Our skin, gut, and brain are more connected than you may think. You’ve likely experienced a hormonal or stress breakout, or puffy cheeks and under-eyes after a night of overindulging in sweets and alcohol. The skin is the organ visibly affected, but the gut and brain are as well. Most skin conditions are inflammatory responses to a stressor (psychological, physical, emotional), revealing itself on the skin. Often, these imbalances start in the gut, or in the case of psychological stress, the gut-brain axis. The gut-centric approach to health is well known in Ayerveda and Traditional Chinese Medicine (TCM). In TCM, the paired organs of the lung and large intestine are reflected in the tissues of the skin and hair. In Western medicine, we can see this pattern in those who have eczema (skin) and asthma (lungs), or in dermatitis herpetiformis, a skin rash common in those with celiac disease.
What does a healthy gut look like?
One with a balanced microbiome, normal permeability, sufficient stomach acid and enzyme production. Your gut microbiome is a mixture of trillions of different species of bacteria and yeast. It influences your immune system, digestive function, mood, hormone balance, intestinal integrity, and so much more. Dysbiosis (imbalanced microbial flora) and poor digestive function leads to increased production of pro-inflammatory chemicals and the stress hormone, cortisol. Symptoms of digestive imbalances could be like heartburn, bloating, gas, and loose stools or constipation.
Or… acne, eczema, and rosacea could be the only warning from your gut that something isn’t quite right.
Just like the gut, our skin has its own protective microbiome made up of bacteria and yeast. Cutibacterium acnes (C. acnes), one of the presumed causes of acne, is a normal part of a healthy microbial flora and helps produce our acid mantle. Inflammation and cortisol production triggered by gut dysbiosis can lead to lower microbial diversity on the skin, creating an environment where bacteria like C. acnes shift from protective to problematic. Microbial imbalances in the gut and skin can lead to changes in the skin pH, lipid balance, increases permeability and trans-epidermal water loss (TEWL), and increases sebum production. This creates a recipe for irritated, inflamed, breakout prone skin.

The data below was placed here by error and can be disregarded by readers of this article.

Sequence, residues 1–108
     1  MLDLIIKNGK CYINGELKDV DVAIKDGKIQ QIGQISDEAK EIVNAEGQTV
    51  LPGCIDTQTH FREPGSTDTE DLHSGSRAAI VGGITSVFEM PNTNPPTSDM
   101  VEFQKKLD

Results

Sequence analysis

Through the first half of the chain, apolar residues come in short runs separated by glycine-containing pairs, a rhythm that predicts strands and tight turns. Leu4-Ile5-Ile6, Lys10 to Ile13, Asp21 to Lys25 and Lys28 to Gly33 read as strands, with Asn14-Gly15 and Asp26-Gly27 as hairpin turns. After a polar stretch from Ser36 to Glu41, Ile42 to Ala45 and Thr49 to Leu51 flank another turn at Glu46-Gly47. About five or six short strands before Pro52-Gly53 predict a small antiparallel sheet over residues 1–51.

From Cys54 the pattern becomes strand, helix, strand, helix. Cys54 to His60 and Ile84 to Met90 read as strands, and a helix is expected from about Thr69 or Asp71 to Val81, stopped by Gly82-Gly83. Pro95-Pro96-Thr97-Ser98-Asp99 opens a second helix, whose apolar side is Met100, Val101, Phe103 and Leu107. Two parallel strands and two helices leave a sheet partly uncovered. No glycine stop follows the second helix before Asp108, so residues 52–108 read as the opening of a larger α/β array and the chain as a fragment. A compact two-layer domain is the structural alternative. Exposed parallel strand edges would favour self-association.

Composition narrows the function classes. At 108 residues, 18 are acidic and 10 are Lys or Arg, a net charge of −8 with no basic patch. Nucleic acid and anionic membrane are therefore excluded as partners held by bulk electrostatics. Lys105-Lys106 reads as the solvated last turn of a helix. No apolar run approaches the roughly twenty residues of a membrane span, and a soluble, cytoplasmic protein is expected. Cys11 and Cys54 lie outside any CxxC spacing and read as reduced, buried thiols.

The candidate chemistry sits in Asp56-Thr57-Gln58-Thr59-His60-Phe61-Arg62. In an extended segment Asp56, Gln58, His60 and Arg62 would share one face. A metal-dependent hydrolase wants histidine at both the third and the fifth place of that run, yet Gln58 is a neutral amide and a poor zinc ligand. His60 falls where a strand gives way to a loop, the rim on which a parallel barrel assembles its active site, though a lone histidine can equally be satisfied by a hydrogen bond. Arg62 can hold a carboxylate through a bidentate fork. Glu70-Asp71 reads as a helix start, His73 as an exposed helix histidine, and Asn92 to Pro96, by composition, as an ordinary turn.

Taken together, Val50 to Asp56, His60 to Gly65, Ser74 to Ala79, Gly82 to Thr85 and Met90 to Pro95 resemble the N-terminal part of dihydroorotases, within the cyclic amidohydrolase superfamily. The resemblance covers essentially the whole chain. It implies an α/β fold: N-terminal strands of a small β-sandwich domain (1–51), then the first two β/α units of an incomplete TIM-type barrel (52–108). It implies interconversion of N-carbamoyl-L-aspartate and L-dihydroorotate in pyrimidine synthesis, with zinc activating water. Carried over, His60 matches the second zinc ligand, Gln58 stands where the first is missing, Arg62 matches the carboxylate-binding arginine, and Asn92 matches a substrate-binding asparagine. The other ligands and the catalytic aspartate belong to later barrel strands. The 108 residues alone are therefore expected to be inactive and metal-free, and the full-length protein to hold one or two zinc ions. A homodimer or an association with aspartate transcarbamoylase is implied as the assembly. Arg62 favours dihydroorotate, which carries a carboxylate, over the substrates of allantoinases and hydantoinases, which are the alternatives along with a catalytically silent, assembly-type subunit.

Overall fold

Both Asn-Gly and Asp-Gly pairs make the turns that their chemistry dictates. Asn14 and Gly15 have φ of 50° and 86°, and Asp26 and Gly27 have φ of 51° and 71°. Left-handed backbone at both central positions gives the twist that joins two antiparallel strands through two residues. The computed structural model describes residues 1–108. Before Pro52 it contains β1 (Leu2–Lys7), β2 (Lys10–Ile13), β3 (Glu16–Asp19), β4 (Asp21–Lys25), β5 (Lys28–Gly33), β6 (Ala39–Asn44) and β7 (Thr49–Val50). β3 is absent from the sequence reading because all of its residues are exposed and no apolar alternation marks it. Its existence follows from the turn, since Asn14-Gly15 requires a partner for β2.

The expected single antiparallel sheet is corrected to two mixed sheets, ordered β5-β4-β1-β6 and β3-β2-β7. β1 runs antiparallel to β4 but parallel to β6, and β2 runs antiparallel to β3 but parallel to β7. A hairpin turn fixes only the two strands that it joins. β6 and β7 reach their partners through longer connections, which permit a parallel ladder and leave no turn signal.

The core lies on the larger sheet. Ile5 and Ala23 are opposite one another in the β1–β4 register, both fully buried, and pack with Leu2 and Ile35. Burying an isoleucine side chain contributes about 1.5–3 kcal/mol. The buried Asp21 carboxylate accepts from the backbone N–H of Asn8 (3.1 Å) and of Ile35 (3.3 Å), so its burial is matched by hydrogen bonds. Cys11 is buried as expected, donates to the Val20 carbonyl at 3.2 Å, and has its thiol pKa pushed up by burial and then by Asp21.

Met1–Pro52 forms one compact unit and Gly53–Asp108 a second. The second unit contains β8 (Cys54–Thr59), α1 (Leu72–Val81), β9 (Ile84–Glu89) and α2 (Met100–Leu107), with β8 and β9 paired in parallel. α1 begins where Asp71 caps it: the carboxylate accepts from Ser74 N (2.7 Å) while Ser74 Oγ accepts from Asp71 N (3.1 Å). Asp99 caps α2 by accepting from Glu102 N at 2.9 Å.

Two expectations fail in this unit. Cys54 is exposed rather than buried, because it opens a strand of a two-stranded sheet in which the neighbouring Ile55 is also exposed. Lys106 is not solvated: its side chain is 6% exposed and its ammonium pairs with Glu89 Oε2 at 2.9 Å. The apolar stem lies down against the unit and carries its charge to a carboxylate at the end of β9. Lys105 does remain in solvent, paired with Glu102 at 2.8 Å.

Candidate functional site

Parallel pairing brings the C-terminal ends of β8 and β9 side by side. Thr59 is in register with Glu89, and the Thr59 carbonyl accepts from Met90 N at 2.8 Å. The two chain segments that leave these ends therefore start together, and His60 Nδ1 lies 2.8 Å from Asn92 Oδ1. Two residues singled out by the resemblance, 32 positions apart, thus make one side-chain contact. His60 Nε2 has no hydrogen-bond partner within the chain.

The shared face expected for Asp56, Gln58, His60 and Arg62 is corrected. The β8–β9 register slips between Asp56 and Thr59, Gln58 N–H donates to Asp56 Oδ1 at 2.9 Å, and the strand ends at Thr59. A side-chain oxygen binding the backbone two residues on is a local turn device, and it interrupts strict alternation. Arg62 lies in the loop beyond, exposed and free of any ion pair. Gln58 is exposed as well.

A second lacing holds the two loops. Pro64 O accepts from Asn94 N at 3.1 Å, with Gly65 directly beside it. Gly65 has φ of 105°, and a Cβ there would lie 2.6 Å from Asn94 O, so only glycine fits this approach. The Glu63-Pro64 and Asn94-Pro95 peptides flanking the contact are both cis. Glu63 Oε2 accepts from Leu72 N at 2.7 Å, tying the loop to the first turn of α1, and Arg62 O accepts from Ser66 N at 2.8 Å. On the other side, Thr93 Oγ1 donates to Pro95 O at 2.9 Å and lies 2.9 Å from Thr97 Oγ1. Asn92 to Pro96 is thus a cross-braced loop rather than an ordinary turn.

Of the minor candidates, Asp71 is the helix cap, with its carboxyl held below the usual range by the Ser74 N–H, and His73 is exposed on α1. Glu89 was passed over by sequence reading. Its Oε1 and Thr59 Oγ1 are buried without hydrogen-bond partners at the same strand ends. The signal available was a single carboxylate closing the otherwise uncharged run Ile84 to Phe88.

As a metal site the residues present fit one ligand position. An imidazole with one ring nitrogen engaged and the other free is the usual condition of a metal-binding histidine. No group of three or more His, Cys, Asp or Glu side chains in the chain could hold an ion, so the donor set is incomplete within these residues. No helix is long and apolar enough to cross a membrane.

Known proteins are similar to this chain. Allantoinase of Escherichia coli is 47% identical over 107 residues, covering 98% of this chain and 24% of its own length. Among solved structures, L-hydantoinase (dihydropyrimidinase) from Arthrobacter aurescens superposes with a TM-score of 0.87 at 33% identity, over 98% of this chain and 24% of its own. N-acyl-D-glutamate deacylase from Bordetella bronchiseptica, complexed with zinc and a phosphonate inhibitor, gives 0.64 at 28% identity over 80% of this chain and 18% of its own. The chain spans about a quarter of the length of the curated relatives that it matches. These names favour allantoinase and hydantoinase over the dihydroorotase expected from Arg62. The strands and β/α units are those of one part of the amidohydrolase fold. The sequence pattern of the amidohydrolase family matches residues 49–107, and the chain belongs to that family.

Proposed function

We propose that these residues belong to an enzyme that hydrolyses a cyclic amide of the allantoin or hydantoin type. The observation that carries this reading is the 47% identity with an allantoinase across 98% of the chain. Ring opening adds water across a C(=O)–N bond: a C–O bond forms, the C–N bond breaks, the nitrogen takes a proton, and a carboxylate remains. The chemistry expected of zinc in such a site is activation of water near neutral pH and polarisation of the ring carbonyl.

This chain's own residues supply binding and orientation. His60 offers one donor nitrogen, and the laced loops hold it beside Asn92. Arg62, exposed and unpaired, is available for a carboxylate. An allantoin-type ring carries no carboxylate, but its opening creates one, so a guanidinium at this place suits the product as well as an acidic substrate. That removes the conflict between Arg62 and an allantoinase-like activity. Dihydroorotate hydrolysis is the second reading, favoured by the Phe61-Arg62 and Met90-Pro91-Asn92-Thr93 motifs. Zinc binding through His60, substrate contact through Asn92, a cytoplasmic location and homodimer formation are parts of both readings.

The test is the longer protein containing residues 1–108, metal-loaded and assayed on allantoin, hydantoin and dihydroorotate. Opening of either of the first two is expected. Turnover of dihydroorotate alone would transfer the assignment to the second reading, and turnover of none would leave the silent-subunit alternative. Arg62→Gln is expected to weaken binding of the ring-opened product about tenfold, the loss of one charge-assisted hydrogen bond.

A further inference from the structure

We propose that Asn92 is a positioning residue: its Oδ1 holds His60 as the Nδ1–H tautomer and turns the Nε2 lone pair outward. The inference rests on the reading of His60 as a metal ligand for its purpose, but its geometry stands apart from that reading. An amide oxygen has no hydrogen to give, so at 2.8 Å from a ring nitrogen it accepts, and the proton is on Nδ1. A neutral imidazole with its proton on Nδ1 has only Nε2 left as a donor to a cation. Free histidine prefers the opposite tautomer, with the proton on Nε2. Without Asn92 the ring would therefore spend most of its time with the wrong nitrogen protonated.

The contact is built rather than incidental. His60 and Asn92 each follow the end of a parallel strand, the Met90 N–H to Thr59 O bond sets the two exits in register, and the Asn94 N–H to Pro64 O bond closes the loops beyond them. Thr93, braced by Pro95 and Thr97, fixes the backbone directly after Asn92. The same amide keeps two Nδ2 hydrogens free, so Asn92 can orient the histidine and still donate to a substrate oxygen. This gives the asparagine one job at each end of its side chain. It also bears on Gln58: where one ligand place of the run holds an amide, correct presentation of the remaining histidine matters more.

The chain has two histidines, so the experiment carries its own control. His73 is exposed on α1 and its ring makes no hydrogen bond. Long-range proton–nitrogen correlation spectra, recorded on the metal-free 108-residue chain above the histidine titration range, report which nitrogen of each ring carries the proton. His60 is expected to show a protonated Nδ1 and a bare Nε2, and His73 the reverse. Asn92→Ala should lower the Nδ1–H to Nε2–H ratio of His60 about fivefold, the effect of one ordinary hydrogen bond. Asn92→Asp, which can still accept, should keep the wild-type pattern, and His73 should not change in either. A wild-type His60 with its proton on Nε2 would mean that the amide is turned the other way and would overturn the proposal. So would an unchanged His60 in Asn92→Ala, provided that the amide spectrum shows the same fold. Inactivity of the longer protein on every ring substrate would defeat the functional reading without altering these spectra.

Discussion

Diet, medications, and psychological stress are some contributors to gut dysbiosis and chronic inflammation. Diets high in sugar, alcohol, fried food, processed foods, poly unsaturated fatty acids (PUFAs) and lacking fibre and phytonutrients negatively impact the microbiome.
Chronic cortisol exposure from being overstressed and/or under-slept disrupts the gut and skin microbiomes allowing for bacterial overgrowth, free radical formation, and inflammation. Stress also contributes to collagen and elastin loss, accelerating signs of aging. We also see lower production of beneficial oils which leads to increased water loss, but also increased sebum production.
Extra sebum + bacterial overgrowth + inflammation
Some commonly used medications known to cause dysbiosis include oral hormonal contraceptives (birth control), NSAIDs (Advil, Ibuprofen, Naproxen etc.), antibiotics, antacids (PPIs- omeprazole/Prilosec, esomeprazole/Nexium), and laxatives (PEG/Restoralax). Yes, medications used to treat digestive symptoms can cause more trouble. According to research, 40% of people with acne have hypochlorhydria (low stomach acid) which contributes to dysbiosis and inflammation in the gut. Symptoms of hypochlorhydria include nausea, heartburn, and indigestion, and is often treated with antacids which further reduces stomach acid production. See the vicious cycle?
It’s important to consider all aspects of health when approaching our skin concerns. Supporting your gut and brain health are equally as important for your skin health as a quality and consistent skincare routine. Healing from the inside, so you can glow on the outside.
Written by Dr. Lauren Cottom, NDDr. Cottom sees patients of all ages and genders with both chronic and acute concerns at the Centre for Natural Medicine in Winnipeg, Manitoba. She treats a variety of health concerns including, but not limited to: digestive disorders, skin concerns, thyroid and other hormone disorders, mental health, and women’s health concerns such as menstrual cycle irregularities/PMS, PCOS, vaginal health, preconception/prenatal/postpartum care, and menopause. Dr. Cottom works with her patients to understand the underlying cause of their symptoms and disease. She uses a variety of naturopathic therapies to create individualized treatment plans for each of her patients, helping them reach their optimal health. To book an appointment with Dr. Cottom, call Centre for Natural Medicine at 204-488-6528.